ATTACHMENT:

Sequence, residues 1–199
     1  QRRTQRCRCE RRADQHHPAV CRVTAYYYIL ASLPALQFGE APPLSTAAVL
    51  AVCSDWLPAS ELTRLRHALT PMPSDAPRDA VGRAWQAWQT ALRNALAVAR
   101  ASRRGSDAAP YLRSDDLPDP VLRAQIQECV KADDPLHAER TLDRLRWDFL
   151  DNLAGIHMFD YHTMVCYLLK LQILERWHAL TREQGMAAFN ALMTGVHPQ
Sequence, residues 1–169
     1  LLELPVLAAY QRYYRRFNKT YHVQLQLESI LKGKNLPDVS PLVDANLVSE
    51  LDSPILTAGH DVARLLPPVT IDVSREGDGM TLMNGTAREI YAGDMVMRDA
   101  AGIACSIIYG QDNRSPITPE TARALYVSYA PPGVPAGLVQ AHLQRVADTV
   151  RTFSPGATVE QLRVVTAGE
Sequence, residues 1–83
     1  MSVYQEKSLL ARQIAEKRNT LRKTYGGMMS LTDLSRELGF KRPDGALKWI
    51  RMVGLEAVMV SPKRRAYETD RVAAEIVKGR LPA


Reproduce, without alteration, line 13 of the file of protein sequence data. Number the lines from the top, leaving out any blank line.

    51  RMVGLEAVMV SPKRRAYETD RVAAEIVKGR LPA